This 4 bolt-hole band is actually the smallest of them all, the others had either 6, 8, or more bolt holes, and a larger size & weight as they had to secure heavier loads.
Seen below is a rare look at what is believed to be the exact same cable band shown above, being installed as new in 1939 on the Galloping Gertie bridge. The two men have finished bolting it in place on the main suspension cable located on the Gig Harbor side. This photo is a period James Bashford photo, permission courtesy of the Harbor History Museum, Gig Harbor, Washington. The cable band was found directly below this spot approximately 66 years after it was dropped, buried in 2 to 4 feet of clay under the sand & rocks, and it took more than 5 hours to excavate & recover it from the site.
A look at the completed bridge and cables, with the band relic from the above photos seen on the near side main cable, last band just above the top of the girder.
After the bridge collapsed on November 7, 1940 there remained a danger from the hanging span sections of further collapse. So men were dispatched to quickly remove what was left as much as possible. They used jackhammers to break up the concrete roadway as seen here in this November 12, 1940 photo. One of the hammer blades that you see at the bottom of each man's jackhammer was either too worn to be of use anymore, or perhaps it slipped off the tool & between the concrete pieces. It fell to the shore below, and was found 67 years later.
Another shorter jack hammer end bit has been discovered, as seen above. This one is a little shorter, and if you look at the 1940 photo above closely you can see that the men used different sizes on different sections of the bridge. The shorted the blade, the higher the impact level; which makes sense for thicker and thinner areas of demolition.
The photo below shows a few rivet halves, cut off so the bridge sections could be disassembled. The primer coat of paint was actually a bright orange, though it doesn't show well in the photos. The top finish coat was Narrows Green, done in 3 coats.
These are mystery parts shown in the photo below, not sure what they were part of, though they were definately from the bridge as they have they orange primer & Narrows Green color paint. They have a 1920's era look with scalloped grooves, similar to fancy feet on a depression era bed frame. A possibility is they are parts of the lamp shades from the bridge lighting, though it is hard to tell from the known photos of the lamps on the 1940 bridge, and the blueprints don't show the specifics. Only the light posts are on the blueprints, the lamps' housing & fixture shades were contracted out, and as such they would be up to that contractor to select what type they were. Nothing else in the original plans appears in this shape or form. An original light post was saved & erected in a Gig Harbor park, but it has a replacement lamp & housing- not an original.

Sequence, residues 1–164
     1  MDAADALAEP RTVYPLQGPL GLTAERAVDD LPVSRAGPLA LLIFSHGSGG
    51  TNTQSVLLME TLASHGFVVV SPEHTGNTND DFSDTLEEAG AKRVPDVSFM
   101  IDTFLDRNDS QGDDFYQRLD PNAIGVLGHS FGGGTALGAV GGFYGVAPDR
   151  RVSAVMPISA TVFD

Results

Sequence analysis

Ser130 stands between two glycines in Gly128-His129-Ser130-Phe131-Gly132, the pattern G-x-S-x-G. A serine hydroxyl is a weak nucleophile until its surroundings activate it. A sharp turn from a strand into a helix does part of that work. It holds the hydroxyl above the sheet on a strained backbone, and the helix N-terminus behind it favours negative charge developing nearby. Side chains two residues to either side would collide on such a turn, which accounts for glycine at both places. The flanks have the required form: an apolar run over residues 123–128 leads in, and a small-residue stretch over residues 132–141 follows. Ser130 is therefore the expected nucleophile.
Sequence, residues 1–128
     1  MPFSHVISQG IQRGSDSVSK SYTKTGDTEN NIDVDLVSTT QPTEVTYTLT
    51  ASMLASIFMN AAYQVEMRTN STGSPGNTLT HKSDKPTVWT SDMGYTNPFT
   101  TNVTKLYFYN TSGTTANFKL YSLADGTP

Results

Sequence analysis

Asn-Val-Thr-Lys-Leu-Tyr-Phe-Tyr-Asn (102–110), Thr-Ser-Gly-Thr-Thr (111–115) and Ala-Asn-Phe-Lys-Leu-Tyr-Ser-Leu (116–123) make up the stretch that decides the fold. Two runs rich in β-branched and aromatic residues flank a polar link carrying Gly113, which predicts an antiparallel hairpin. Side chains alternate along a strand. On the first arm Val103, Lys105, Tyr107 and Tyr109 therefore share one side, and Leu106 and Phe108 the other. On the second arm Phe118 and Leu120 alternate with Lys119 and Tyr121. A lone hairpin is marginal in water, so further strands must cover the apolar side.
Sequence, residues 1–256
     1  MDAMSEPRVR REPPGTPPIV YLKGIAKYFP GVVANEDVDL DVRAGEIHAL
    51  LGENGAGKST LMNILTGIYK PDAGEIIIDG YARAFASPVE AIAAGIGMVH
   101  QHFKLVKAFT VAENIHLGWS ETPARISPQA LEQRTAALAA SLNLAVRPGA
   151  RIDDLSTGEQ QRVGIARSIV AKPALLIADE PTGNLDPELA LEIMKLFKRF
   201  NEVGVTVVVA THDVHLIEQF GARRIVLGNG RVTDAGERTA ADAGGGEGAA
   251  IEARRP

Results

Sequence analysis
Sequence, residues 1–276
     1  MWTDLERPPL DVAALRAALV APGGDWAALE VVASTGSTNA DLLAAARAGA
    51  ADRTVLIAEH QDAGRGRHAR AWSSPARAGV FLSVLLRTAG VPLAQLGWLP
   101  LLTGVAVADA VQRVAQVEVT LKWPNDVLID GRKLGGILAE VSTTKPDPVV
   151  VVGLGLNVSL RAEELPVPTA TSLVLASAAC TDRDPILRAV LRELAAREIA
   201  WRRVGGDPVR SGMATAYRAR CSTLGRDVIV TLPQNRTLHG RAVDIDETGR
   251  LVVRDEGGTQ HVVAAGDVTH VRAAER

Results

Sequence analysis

Here is an anchor block relic, cut off at the shank, and an interesting Chevron gasoline metal tag. Perhaps the tag was on some machine that was in the construction or demolition? Not shown, but also found near this tag was a very old battery case, and a few spark plugs.
Shown below are a couple of tools- the first is a mechanical jack. The gear on the right end rotates and either pushes the jack shaft out or lets it in, depending on which direction it is turned, which was probably done on a machine that had a corresponding gear. The other tool is a rivet set or driver, which was placed on the end of the compression equipment, and the round socket placed over the rivet to forcefully, or drive it securely in place. The photo on the below right is a modern example of the same type of rivet set.
Assorted tools are seen below, the long one being a wrench that went over a band ratchet, the ratchet was found with this handle, but it was severely deteriorated. Next is a hook that took a pin or small bolt to lock it in place on a lifting cable. The small tool is a loop hook with it's own screw-in bolt.
Here are various cables, the top 2 are more than likely lifting cables, then a ground wire with it's lug end still intact, a coated cable of thick-gauge wire, perhaps for electrical service on the bridge, and the smallest wire is a ground wire.
This is the most unique find, a worker needed to improvise to complete a task, so he took 2 bolts and taped them together in a cross pattern to use for some specific job. When he was done he tossed it aside, only for it to be discovered some 67 years later.
An interesting assortment- part of a broken glass insulator which remarkably is embossed with the word "Cable". Yes, the bridge not only had electrical wires & service on it (for the Tower elevators, lighting, etc.), but it also was wired for telephone service. Next is a piece of very thick porcelain, perhaps part of the lamps on the bridge, maybe a lamp socket? Then there are 2 lead "fillers" that were used to seal up & secure joints in the cable bands, etc.
This is a plate bracket that once secured adjacent sections of the bridge together. 5 of the 6 rivets that were in it got removed, and when the last one you see was cut & pounded most of the way out, the bracket fell below with the last rivet still attached to the plate. The lower right corner of the bracket still has some of the orange primer & Narrows Green paint remaining, and you can see the outline of where the rivet in that spot was.
This bolt & nuts is larger than it seems, measuring almost a foot long and weighing in at nearly 10 pounds. A curiousity became evident while recovering relics- it seems as bolts & nuts were removed they were often placed back together, then discarded or dropped by accident. Why bother to put them back together? Only the bridge workers knew.
The object seen below is unidentified, and a rather large size. It was buried deep in the ground, and it consists of a heavy metal shell that has rebar concrete inside. It may not have been part of the bridge, but instead it was part of something used during construction. Many heavy objects of similar nature were left behind, and used to stabilize the hillside. This object ended up at the bottom of the hill.